The Difficult Art of Baby Killing 5 Comments

Recently I’ve been working with a few brilliant emerging writers, and learning more about the wonderful skill that is editing. The most interesting thing I’ve observed is the way writers take on board suggestions – myself included. I’ve narrowed suggestion-reception down to three types (please note, the following are somewhat generalised):

1. The contemplative writer, who collaborates with your ideas and turns the editorial process into a dialogue.

2. The sycophant writer, who takes on board all editorial suggestions and massacres their own work for the sake of kowtowing. (This type is generally very excited, and extremely well-meaning.)

3. The <em>vive le resistance</em> writer, whose editorial process involves informing the editor that they worked hard at this piece, barricading the provided feedback and reprising ‘<em>Do You Hear The People Sing</em>’.

Whilst I have no problem with a writer rejecting suggestions, Type 1 writers tend to make alternative suggestions from which the editor can work, and Type 3 writers tend to stick to their guns, and stick it to the editor. So I wonder how you view the editorial process. As a writer or editor, what is your approach to, and understanding of, the difficult art of killing your (or someone else’s) babies?

  • Bel

    Call me a sentimental ostrich, but I’d like to think there’s no killing involved! It should always be the intention of the editor to nurture the baby – challenge it to walk perhaps, but not push it off a cliff. I’m now finding this conversation disturbing.

  • http://www.expressmedia.org.au/vwblog/ Johannes Jakob

    But sometimes you have to cut off a malignant growth/amputate a limb to make sure the child sees the light of day and is given the best chance of succeeding in life.

    Also, when writing early drafts, it is no good to be immovably pro-life.

  • http://www.samuelcooney.wordpress.com Samwise the Brave

    I’m with Jojo. A baby is like a rose bush – prune it back harshly, prune it of its ugly/dead/slightly askew bits and cross your fingers that it will be a better baby because of your cruel-to-be-kindness.

    You say ’emerging writers’…if any emerging writer (and let’s not start a debate on what ’emerging’ means – not here, anyway) thinks he/she can tantrum over a piece they hope will be published, methinks they won’t see too much of their work in print. Unless they self-publish it, but then they’ll probably do no editing and the writing-and-publishing industry will guffaw into their short macchiatos.

    My approach during the editing process is to say ‘yes’ to everything the editor suggests and then grumble at the launch of that particular publication. Not really, but generally an editor is suggesting something that will make your piece better. If not, if you really vehemently believe their suggested change/s will devalue the piece, as long as you explain why then I’ve never had an editor who’s vetoed me.

    (hey Jojo, here’s the number of my hairdresser: 1800-sit-on-a-stick-and-rotate)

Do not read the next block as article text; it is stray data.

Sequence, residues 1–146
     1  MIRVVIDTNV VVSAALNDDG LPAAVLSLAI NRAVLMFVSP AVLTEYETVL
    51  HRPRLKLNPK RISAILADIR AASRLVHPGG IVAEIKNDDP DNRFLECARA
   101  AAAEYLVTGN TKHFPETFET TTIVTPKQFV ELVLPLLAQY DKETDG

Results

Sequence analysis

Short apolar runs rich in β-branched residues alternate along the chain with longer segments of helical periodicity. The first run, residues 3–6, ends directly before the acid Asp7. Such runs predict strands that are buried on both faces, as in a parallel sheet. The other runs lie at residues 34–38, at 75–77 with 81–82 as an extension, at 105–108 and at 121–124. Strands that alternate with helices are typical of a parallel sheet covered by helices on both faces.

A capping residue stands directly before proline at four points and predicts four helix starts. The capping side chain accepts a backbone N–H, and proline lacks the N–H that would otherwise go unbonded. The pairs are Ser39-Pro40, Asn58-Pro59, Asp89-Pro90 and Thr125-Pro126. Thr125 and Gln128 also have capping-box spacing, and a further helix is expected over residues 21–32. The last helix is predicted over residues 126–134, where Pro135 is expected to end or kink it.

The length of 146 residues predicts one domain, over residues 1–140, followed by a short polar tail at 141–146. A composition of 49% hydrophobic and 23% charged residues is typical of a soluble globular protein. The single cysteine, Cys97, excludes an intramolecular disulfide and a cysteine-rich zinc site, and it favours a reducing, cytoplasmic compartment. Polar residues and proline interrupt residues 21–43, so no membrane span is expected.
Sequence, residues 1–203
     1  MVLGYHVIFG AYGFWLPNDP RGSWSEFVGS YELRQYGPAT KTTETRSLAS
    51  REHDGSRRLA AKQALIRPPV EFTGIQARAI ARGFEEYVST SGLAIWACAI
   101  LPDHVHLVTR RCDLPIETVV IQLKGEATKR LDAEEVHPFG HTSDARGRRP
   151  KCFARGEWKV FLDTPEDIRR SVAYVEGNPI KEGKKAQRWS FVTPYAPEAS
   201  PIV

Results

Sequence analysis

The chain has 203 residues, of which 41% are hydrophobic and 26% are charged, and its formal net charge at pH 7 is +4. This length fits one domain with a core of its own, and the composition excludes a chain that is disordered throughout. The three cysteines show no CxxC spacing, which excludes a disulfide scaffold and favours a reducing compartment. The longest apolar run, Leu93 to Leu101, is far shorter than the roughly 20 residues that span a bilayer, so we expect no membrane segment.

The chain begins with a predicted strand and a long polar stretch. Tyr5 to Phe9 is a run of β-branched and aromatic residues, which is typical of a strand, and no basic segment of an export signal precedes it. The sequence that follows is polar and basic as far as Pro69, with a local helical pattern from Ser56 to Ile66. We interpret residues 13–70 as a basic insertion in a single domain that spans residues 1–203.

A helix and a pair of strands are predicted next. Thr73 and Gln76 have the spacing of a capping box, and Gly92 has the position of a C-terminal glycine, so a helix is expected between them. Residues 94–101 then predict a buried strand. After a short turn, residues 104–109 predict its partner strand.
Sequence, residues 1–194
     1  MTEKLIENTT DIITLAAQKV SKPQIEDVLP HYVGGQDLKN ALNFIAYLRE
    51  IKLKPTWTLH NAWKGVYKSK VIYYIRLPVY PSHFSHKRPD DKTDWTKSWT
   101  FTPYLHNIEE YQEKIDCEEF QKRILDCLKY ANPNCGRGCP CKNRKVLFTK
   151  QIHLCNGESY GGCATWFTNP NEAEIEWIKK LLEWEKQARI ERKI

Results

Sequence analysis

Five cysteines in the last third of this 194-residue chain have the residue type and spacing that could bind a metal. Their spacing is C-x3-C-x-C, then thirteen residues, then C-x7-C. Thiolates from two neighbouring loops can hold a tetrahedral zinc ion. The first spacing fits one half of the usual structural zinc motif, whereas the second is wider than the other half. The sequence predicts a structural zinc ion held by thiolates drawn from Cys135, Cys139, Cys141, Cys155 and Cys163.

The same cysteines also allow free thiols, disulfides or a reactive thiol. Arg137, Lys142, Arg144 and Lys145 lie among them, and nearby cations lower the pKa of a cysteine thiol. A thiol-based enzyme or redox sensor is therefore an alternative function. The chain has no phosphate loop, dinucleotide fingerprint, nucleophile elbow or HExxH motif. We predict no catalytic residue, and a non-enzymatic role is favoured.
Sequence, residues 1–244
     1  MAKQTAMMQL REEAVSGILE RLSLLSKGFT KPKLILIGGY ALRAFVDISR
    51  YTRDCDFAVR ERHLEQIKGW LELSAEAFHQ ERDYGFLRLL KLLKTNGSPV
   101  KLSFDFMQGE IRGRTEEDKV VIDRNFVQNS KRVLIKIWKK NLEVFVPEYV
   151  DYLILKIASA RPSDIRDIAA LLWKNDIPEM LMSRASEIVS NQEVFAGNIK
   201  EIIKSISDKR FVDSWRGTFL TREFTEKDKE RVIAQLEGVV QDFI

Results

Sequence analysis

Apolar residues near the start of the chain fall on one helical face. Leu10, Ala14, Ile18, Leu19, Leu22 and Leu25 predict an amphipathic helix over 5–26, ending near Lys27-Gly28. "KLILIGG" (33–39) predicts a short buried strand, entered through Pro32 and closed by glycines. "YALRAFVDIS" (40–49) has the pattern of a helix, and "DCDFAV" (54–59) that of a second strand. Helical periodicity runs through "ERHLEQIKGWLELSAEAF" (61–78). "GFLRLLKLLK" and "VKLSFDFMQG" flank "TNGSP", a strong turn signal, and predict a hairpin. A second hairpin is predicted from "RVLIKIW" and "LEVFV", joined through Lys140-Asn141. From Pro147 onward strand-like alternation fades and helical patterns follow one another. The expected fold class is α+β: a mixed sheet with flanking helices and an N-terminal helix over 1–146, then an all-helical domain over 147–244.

• http://www.samuelcooney.wordpress.com ShamWow the Absorbent

    and here’s a coincidence… i just stumbled across this in an online forum:

    Giles Coren’s letter to The Times sub-editors

    It’s an irate and very humourous letter from The Times’ restaurant critic Giles Coren to his sub-editors. I wonder if Rosie has ever come across a writer like Coren?

  • Rosie

    Haha, hilarious. I have to admit that I like Coren, and his email rocks – he justified exactly why he liked things the way they were. Sam, re: ’emerging’ writers, (which we define as ‘having previously been published’, but I should have mentioned that one of the authors are not, in fact emerging) I tend to find myself thinking that those who refuse to have their work touched, and don’t take on any editorial comments/strictly defend their work are generally the people who haven’t worked with editors as often. I was very frustrated with one of the writers I’m working with because she had taken Writer 3 approach, until I considered my approach to editing in high school. I hated it. I felt the teachers knew nothing about what I was trying to convey. It took me up until year 12 to grow up, and learn that it’s okay for someone not to like a sentence/entire story I’ve written, so long as a friendly dialogue can occur. Now, I look at the editorial process as something that’s ridiculously exciting, because there’s a feeling of potential and endless possibility there. If anything, editing a piece as either writer or counterpart is about pushing one another, exercising the mind and the imagination, and sharing a love of words and expression – it’s all about growing babies (Re: blog title, you know, ‘killing babies’, figure of speech…pop-tart blog). I considered that I could do one of two things in my reply to this writer: Firstly, write a lengthly email explaining how to enjoy the editorial process, which I don’t doubt she would have found patronising. Secondly, just say that she can keep the piece the way it is, but if she’d like to discuss anything about it, then by all means contact me. I figured she’ll learn to embrace editing eventually…
    I live in a sort-of Utopia here.